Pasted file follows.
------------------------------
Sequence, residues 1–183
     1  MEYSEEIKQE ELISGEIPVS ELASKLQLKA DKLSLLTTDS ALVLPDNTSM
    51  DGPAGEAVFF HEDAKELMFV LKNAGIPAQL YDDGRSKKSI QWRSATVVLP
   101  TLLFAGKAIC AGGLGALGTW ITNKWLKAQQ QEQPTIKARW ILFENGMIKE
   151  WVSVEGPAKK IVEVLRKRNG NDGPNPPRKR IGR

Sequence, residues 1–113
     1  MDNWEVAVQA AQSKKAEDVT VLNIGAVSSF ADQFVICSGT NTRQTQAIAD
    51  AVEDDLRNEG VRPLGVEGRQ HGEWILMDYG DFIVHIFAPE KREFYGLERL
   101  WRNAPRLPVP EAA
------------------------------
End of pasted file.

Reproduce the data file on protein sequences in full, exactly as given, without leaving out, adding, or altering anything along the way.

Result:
Sequence, residues 1–183
     1  MEYSEEIKQE ELISGEIPVS ELASKLQLKA DKLSLLTTDS ALVLPDNTSM
    51  DGPAGEAVFF HEDAKELMFV LKNAGIPAQL YDDGRSKKSI QWRSATVVLP
   101  TLLFAGKAIC AGGLGALGTW ITNKWLKAQQ QEQPTIKARW ILFENGMIKE
   151  WVSVEGPAKK IVEVLRKRNG NDGPNPPRKR IGR

Sequence, residues 1–113
     1  MDNWEVAVQA AQSKKAEDVT VLNIGAVSSF ADQFVICSGT NTRQTQAIAD
    51  AVEDDLRNEG VRPLGVEGRQ HGEWILMDYG DFIVHIFAPE KREFYGLERL
   101  WRNAPRLPVP EAA